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With dozens of viable candidates pushing through clinical trials, it is possible that a COVID-19 vaccine could be available as early as October of this year. Once approved, the nation faces another set of challenges, as the vaccine moves from a theoretical concept to a mass-produced, commercially available product.
Producing, distributing, administering and inoculating the public against COVID-19 is shaping up to become the top supply chain challenge of the pandemic. What follows are four considerations for a successful vaccination program, and Premier’s recommendations for how each should be managed.
No matter which vaccine is approved, initial quantities will be limited. In an environment of scarcity, an equitable prioritization plan is necessary to define the segments of the population that should get vaccinated first. There is widespread agreement that frontline healthcare workers caring for the most vulnerable patients need to be at the front of the line.
But which population is next? Initial estimates provided by the Centers for Disease Control and Prevention (CDC) indicate that early production will only total between 1-2 million doses, and there are 17 million healthcare workers in the U.S. Which of these workers get vaccinated first? And at what point do we start vaccinating beyond healthcare workers and start reaching those most vulnerable patients themselves?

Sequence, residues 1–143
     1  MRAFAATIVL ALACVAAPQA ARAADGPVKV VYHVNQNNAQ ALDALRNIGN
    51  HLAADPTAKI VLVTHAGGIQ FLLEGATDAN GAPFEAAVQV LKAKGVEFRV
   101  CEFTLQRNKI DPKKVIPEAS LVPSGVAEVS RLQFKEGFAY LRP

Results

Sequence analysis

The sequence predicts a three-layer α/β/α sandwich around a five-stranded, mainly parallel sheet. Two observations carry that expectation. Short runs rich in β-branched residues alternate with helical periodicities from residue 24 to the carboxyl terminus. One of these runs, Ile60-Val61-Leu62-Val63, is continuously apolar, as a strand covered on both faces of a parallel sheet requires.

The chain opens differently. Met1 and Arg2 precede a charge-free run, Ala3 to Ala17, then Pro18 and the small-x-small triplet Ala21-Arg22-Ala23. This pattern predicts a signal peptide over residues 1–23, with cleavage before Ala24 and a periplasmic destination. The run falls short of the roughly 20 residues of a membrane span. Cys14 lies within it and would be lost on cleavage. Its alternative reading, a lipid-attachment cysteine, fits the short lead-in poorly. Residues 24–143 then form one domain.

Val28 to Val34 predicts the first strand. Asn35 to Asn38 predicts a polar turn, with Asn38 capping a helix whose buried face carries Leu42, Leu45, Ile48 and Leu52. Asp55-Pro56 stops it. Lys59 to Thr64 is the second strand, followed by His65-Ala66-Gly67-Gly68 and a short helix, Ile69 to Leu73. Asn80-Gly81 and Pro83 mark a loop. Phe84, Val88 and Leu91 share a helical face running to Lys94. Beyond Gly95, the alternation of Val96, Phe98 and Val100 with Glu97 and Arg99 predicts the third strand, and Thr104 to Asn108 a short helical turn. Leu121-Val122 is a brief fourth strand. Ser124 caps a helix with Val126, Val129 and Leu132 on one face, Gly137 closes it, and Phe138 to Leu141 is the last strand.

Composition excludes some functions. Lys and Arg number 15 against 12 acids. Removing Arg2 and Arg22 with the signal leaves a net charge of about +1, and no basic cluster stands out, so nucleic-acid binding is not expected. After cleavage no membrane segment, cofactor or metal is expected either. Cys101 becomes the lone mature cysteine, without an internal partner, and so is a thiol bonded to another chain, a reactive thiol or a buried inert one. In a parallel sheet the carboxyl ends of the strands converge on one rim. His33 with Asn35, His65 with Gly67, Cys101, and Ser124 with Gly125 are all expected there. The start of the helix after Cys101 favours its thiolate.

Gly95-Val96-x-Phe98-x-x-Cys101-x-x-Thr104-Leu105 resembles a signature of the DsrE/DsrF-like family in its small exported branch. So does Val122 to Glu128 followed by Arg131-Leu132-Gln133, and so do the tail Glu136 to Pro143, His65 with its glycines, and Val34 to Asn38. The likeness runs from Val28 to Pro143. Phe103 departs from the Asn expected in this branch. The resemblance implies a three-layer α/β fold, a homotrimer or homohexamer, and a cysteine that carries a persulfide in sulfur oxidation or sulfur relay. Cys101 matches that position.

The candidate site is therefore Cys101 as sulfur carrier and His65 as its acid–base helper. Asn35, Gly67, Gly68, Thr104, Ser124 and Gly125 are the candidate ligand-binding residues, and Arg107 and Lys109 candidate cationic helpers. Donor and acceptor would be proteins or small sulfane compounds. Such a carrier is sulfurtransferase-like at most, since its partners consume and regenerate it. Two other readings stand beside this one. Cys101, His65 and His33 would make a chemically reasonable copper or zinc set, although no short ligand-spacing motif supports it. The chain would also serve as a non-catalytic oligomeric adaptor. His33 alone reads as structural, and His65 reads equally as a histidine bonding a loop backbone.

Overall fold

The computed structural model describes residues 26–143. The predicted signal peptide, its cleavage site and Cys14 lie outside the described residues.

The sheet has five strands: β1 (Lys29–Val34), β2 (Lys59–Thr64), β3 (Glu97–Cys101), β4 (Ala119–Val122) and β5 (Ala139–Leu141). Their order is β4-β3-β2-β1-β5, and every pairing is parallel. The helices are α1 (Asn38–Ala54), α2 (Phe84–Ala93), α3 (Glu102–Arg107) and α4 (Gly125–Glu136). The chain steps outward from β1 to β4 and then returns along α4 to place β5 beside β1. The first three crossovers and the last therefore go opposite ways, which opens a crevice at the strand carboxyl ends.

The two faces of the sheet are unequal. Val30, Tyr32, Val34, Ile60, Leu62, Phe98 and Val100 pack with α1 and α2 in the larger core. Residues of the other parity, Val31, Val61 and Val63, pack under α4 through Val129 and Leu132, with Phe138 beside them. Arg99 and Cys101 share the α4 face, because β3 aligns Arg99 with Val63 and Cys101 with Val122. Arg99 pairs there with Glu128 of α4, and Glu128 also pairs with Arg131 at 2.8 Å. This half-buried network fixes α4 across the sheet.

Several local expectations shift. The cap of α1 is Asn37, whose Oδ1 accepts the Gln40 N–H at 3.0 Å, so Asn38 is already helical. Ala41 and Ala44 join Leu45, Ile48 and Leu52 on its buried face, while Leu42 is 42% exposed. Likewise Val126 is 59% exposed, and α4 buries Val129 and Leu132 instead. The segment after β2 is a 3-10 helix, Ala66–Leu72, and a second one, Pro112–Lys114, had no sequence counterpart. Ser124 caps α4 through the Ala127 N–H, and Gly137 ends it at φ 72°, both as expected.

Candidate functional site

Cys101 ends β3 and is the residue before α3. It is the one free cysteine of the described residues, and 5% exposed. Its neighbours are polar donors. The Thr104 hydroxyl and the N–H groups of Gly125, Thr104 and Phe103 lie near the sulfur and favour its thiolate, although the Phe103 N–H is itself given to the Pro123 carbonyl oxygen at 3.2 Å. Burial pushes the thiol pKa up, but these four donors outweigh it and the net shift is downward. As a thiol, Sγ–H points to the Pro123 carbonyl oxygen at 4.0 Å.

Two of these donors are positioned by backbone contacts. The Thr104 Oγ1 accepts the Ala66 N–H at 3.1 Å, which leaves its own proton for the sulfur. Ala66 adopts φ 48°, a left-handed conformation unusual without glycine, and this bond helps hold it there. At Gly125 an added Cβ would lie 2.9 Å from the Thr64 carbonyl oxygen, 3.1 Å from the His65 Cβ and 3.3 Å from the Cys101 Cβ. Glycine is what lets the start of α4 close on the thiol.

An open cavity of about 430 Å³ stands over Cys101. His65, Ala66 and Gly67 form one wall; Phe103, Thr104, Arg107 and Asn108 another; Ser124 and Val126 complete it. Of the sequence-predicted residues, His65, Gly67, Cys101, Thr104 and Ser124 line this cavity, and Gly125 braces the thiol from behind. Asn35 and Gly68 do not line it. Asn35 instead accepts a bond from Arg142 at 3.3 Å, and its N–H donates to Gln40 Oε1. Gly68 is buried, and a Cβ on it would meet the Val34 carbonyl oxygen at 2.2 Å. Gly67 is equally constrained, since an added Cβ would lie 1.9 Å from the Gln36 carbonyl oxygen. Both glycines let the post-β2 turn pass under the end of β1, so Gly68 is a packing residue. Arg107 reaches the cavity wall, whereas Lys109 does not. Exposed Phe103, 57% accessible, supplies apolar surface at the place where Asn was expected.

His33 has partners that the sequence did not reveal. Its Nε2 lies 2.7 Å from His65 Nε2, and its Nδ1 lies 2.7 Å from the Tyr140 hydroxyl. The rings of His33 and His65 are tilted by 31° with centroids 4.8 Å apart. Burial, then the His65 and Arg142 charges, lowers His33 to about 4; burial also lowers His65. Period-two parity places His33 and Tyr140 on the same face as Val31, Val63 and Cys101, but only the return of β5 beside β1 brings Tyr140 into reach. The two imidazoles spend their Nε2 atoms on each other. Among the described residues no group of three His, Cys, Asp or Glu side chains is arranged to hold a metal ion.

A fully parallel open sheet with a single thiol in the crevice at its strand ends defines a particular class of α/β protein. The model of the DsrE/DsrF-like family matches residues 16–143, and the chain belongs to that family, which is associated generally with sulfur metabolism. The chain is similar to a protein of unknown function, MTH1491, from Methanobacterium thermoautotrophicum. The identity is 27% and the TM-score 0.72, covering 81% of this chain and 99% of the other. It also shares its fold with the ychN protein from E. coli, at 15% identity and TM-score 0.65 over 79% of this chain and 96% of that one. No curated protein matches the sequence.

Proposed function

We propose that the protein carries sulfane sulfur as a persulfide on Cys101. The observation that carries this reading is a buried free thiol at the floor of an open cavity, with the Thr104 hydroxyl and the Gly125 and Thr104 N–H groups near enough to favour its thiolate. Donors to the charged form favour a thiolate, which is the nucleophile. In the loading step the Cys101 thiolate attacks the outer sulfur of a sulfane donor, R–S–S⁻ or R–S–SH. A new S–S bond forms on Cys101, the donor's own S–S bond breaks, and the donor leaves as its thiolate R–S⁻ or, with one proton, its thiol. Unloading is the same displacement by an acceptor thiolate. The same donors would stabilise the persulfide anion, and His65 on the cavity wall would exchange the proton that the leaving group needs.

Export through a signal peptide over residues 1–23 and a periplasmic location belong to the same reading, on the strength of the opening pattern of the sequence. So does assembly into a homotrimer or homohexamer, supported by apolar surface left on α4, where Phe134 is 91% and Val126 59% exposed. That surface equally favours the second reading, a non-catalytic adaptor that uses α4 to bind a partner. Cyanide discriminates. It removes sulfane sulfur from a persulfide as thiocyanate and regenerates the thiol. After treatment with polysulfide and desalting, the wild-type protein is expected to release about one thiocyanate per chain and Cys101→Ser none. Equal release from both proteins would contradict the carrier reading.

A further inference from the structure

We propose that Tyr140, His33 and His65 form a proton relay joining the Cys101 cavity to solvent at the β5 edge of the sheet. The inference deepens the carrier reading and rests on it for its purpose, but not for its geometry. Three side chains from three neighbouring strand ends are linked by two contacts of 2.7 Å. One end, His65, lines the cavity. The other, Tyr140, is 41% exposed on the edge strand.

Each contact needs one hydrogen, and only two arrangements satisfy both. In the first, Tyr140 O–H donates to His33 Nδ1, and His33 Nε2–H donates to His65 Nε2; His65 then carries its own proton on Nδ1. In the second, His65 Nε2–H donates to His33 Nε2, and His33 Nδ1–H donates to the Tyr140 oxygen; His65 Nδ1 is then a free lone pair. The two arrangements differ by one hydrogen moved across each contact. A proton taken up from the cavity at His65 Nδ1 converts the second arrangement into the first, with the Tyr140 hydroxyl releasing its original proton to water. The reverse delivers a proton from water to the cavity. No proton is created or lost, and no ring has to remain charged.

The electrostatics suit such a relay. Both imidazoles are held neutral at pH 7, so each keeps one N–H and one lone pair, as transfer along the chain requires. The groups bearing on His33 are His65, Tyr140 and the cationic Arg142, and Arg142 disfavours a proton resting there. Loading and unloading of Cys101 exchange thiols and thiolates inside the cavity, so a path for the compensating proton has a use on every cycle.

These are all questions being evaluated by the federal government and public health workers. However, a formal segmentation of populations, with defined triggers that signal readiness to move to second- and third-tier groups, has not been approved. Confusing the issue is duplication: multiple arms of the federal government are working on the same prioritization issues, creating a lack of clear authority on which agency has the final say. And adding even more complexity is the fact that multiple vaccines may be approved at once, which will require several prioritization plans, depending on which vaccine is most efficacious for each population group.
Particularly in the early days of vaccination, a clear national plan will be required to maximize the impact and save the greatest number of lives – with a secondary goal of ensuring the public understands rationed choices and does not feel unfairly deprived. This is not a task that can be kicked to the states for a patchwork of solutions, or even worse, to healthcare providers themselves to decide with little, confusing or contradictory guidance.
In previous mass vaccination efforts such as the 2009 outbreak of H1N1, the federal government allocated vaccines to each state equally, based on their populations. From there, states were responsible for allocating to the priority groups.